6-13 Differential Revenue and Avoidable Cost Avoidable costs are the costs managers can eliminate by making specific choices.
6-14 Relevant (Avoidable) Costs Unit-level Costs Batch-level Costs Product-level Costs Facility-level Costs Avoided by eliminating one unit of product. Avoided when a batch of work is eliminated. Avoided if a product line is eliminated. Some costs may be avoided if a business segment is eliminated.
6-15 Check Yourself Check Yourself Aqua, Inc., makes statues for use in fountains. On January 1, 2014, the company paid $13,500 for a mold to make a particular type of statue. The mold had an expected life of four years and a salvage value of $1,500. On January 1, 2016, the mold had a market value of $3,000, and a salvage value of $1,200. The expected useful life did not change. What is the relevant cost of using the mold during 2016? ($3,000 – $1,200) ÷ 2 years = $900 Of course, Aqua could avoid the cost by selling the mold for its market value of $3,000.
6-16 Learning Objective LO2 Make appropriate special order decisions.
6-17 Relevant Information and Special Decisions Occasionally, a company receives an offer to sell its product at a price significantly below its normal selling price. The company must make a special order decision to accept or reject the offer.
6-18 Cost per unit : $658,500 ÷ 2,000 = $329.25 Here is budgeted cost information for Premier, a company that produces printers. The company has enough capacity to produce additional printers, but is planning to produce to meet current demand. Exhibit 6.1
6-19 Special Order Decision A foreign customer offers to purchase 200 printers at $250 per printer. This price is well below the unit cost of $329.25. Should the company accept this one time order? If the order is accepted, profitability will increase by $11,800.
6-20 Special Order Decision Opportunity Costs Premier has excess productive capacity. Suppose Premier has the opportunity to lease its excess capacity (unused building and equipment) for $15,000. Should Premier accept the special offer given this new information? If the order is accepted, profitability will decrease by $3,200.
6-21 Special Order Decision If Premier can increase income by selling its printers for $250, can the company reduce its normal selling price to $250? Relevance and the Decision Context
6-22 Special Order Decision Should a company ever reject a special order if the relevant revenues exceed the relevant costs? Qualitative Characteristics What will happen if Premier’s regular customers learn that the company sold printers to another buyer for $250 per unit?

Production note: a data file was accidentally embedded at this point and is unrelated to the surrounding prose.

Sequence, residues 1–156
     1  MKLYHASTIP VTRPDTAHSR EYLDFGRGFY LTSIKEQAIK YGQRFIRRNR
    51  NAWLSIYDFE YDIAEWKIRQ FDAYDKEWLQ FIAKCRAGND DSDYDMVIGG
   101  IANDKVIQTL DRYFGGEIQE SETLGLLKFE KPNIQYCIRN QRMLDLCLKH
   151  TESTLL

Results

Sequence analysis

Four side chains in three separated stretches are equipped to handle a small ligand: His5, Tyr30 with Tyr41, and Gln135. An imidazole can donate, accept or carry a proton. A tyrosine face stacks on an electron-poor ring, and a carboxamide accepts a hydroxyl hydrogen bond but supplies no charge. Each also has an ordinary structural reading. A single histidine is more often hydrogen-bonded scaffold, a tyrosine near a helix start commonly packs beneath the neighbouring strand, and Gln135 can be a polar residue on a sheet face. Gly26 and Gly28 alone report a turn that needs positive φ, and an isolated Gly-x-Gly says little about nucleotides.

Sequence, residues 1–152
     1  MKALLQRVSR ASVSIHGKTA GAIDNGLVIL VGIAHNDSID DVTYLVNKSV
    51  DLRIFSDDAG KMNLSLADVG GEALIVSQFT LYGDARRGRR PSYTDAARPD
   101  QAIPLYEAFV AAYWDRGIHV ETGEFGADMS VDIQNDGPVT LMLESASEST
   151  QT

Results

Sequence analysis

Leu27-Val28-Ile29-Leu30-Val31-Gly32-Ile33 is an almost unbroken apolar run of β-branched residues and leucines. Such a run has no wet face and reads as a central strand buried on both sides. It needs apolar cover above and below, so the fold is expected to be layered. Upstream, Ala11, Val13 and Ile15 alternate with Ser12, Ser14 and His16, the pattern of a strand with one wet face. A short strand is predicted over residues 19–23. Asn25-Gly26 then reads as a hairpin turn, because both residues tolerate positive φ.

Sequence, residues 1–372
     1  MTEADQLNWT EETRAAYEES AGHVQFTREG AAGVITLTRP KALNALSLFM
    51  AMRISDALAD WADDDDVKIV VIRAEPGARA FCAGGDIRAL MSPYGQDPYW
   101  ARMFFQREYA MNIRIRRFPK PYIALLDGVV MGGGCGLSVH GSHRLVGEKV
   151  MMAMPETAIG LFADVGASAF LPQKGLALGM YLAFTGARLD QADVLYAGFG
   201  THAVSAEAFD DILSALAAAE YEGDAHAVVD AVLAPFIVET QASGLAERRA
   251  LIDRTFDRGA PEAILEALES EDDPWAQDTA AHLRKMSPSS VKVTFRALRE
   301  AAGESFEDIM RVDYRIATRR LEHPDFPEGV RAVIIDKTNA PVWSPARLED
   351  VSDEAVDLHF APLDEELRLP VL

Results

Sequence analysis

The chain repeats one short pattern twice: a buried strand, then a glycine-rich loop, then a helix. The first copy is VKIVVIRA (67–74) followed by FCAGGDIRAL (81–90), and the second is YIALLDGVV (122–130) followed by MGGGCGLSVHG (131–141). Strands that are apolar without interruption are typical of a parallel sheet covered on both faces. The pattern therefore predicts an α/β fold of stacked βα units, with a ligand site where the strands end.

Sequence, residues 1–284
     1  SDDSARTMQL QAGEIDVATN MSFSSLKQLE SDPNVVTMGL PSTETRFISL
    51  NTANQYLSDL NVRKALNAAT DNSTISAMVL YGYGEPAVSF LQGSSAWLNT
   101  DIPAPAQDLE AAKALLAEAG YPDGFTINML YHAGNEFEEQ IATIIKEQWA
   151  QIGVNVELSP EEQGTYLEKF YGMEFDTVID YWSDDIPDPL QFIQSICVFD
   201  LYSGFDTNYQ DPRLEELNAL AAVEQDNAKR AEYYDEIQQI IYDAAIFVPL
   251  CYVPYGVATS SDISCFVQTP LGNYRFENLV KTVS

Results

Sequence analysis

6-23 Learning Objective LO3 Make appropriate outsourcing decisions.
6-24 Outsourcing Decisions outsourcing Companies can sometimes purchase products needed in the manufacturing process for less than it would cost to make them. Buying goods and services from other companies rather than producing them internally is commonly called outsourcing. That test was so easy. How did you score so low? I outsourced my homework!!
6-25 Outsourcing Decisions Let’s return to our Premier example. Recall that the unit cost per printer was $329.25. A supplier offers to sell an unlimited number of printers to Premier for $240 each. Should Premier accept this outsourcing offer? Step 1: Determine the production costs Premier can avoid if it elects to outsource printer production. Step 1: Determine the production costs Premier can avoid if it elects to outsource printer production. Cost per unit = $459,300 ÷ 2,000 = $229.65
6-26 Outsourcing Decisions Step 2: Compare the avoidable production costs with the cost of buying the product and select the lower-cost option. Premier should reject the outsourcing offer.
6-27 Outsourcing Decisions Opportunity Costs If Premier purchases the printers, it could use its manufacturing space for storing finished goods inventory. Premier is currently renting warehouse space at the cost of $40,000. Should Premier continue to manufacture the printers? Cost per unit = $499,300 ÷ 2,000 = $249.65 Management should purchase the printers because the price of $240 is below the cost of $249.65 when the opportunity cost is factored in. Management should purchase the printers because the price of $240 is below the cost of $249.65 when the opportunity cost is factored in.